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4 weeks ago, # |
Rev. 2   Vote: I like it +10 Vote: I do not like it

I'm sorry but the editorial of the E problem is really hard to understand. The picture in it is misleading!

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    4 weeks ago, # ^ |
      Vote: I like it +11 Vote: I do not like it

    Binsearch and instead of turning around when meeting, you can treat people as moving on straight line segments $$$y=a-x$$$ or $$$y=a+x$$$ for $$$0 \le x \le T$$$, with the condition that all the segments have to form a connected component.

    I use a DP that checks for each pair of people $$$(i,i+1)$$$ whether it's possible to connect them and everything to the right of them in one component if $$$i$$$ has a line $$$a_i+x$$$ and $$$i+1$$$ has a line $$$a_{i+1}-x$$$. The bruteforce version is $$$O(N^2)$$$ and it can be simplified to $$$O(N)$$$ quite easily.

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      4 weeks ago, # ^ |
        Vote: I like it +5 Vote: I do not like it

      Thanks to your reply.

      I understand the editorial finally and it's really a good problem. But I think it'll be better if the picture in the editorial can be updated. Because of that picture, I almost misunderstand the mean idea of the editorial.

      However, the proof of the E problem is excellent and wonderful!

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      4 weeks ago, # ^ |
        Vote: I like it 0 Vote: I do not like it

      Can you share your code please? i can't understand how dp works

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4 weeks ago, # |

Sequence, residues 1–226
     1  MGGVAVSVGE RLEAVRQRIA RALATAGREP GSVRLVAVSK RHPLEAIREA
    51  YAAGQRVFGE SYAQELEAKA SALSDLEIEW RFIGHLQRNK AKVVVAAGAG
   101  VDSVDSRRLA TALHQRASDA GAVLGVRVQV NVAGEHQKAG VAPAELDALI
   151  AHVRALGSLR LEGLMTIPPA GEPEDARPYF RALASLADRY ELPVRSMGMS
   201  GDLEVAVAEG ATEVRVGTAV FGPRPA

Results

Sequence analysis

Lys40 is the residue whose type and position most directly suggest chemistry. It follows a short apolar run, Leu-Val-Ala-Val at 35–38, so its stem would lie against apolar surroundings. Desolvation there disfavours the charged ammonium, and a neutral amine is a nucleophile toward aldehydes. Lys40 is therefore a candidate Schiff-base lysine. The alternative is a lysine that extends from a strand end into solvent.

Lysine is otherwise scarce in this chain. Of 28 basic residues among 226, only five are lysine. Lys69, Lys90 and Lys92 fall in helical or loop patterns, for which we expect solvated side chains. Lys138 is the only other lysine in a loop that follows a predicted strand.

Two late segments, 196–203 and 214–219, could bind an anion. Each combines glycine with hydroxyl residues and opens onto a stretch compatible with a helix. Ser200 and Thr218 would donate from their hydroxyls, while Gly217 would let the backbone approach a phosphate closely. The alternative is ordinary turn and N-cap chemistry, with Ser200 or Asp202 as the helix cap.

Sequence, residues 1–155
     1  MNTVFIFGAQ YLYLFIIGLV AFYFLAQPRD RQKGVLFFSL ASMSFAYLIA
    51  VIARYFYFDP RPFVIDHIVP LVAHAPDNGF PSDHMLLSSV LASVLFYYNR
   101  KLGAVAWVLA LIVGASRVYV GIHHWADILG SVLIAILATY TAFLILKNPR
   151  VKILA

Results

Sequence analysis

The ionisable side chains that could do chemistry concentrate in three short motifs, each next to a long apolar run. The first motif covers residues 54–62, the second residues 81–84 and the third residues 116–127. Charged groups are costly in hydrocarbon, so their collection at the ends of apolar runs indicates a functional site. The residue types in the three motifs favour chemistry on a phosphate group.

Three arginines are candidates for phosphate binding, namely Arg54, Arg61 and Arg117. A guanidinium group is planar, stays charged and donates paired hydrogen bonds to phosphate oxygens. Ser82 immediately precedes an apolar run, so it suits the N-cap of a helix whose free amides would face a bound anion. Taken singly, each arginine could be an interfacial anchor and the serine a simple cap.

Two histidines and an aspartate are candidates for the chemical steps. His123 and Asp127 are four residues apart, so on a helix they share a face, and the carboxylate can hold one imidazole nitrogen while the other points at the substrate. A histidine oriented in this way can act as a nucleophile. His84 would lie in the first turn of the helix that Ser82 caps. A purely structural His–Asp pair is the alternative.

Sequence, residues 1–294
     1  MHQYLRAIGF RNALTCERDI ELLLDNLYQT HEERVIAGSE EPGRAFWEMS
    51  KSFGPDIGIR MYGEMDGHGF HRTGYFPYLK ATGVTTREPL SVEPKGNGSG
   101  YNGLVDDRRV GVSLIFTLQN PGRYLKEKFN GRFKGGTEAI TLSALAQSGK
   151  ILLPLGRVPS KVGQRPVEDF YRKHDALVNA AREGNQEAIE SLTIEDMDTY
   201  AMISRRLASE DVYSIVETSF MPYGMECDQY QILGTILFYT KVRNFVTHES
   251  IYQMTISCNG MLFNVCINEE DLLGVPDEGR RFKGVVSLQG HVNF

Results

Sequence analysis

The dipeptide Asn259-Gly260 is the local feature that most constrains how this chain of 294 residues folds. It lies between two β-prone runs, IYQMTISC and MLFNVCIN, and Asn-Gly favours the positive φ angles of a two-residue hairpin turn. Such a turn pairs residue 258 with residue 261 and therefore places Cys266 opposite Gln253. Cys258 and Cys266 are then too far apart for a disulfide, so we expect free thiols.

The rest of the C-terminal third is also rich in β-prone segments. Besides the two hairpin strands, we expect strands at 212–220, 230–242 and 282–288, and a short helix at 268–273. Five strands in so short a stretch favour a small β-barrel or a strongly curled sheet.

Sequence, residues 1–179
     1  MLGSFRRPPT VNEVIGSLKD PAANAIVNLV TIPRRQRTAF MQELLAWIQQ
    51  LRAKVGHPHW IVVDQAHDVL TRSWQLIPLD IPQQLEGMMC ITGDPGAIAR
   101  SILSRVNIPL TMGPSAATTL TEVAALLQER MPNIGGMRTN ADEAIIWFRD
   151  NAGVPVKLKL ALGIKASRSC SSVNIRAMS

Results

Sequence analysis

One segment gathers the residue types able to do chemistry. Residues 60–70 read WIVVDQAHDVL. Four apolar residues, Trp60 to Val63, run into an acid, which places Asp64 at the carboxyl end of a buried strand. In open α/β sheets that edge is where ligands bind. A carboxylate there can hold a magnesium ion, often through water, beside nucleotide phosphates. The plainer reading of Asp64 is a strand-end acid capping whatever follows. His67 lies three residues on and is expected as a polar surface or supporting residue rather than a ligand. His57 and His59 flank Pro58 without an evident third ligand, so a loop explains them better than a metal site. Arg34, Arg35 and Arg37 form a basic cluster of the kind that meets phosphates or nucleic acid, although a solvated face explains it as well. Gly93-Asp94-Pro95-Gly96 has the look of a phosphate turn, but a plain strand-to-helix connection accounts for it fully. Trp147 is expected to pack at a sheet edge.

Vote: I like it 0 Vote: I do not like it

I have a WA idea for problem D, which I still cannot understand why it is wrong.

First, I observe that a '(' could only match a ')' in a position of different parity, otherwise the number of characters between them is odd and thus cannot make a valid sequence. Therefore, I split the numbers into two sets, each one with different parity of the indices.

Then I sort the first set in ascending order and the other in descending order. I think that this way of matching would maximize the cost. Finally, I match those two sets and construct a valid sequence.

However, I got WA and still do not understand why. Could anyone find out my flaws? Thanks in advance.

Here is my code: https://atcoder.jp/contests/arc120/submissions/22888138

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    4 weeks ago, # ^ |
    Rev. 6   Vote: I like it +3 Vote: I do not like it

    Try

    3
    1 2 3 3 2 1
    

    The Answer from your program will be

    ((()))
    

    Which yields 0, one better answer would be

    (())()
    

    which yields 4.

    The problem is: You are matching indices 3-0, 1-4 and 5-2 this way. By just placing '(' at the lower valued index and ')' at the higher valued index you get ((())), which does match indices 0-5, 1-4 and 2-3 though! Here's the flaw in your placement of the brackets. It is a valid bracket sequence, just not the one you wanted.

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4 weeks ago, # |
  Vote: I like it 0 Vote: I do not like it

Is there any dynamic programming counting solution for problem B??

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2 weeks ago, # |
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Why in problem D we should add i to a[i] (a[i] = a[i] + i)?